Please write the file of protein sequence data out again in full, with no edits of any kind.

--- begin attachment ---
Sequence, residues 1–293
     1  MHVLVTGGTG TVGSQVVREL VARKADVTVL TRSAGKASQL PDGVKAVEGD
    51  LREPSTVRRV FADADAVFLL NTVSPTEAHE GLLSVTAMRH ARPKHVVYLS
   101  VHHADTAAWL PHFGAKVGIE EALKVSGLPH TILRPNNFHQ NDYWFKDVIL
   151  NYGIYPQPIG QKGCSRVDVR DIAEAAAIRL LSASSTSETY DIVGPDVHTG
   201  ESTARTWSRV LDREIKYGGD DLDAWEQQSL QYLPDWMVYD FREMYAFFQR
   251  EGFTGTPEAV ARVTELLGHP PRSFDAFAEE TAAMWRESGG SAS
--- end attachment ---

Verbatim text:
Sequence, residues 1–293
     1  MHVLVTGGTG TVGSQVVREL VARKADVTVL TRSAGKASQL PDGVKAVEGD
    51  LREPSTVRRV FADADAVFLL NTVSPTEAHE GLLSVTAMRH ARPKHVVYLS
   101  VHHADTAAWL PHFGAKVGIE EALKVSGLPH TILRPNNFHQ NDYWFKDVIL
   151  NYGIYPQPIG QKGCSRVDVR DIAEAAAIRL LSASSTSETY DIVGPDVHTG
   201  ESTARTWSRV LDREIKYGGD DLDAWEQQSL QYLPDWMVYD FREMYAFFQR
   251  EGFTGTPEAV ARVTELLGHP PRSFDAFAEE TAAMWRESGG SAS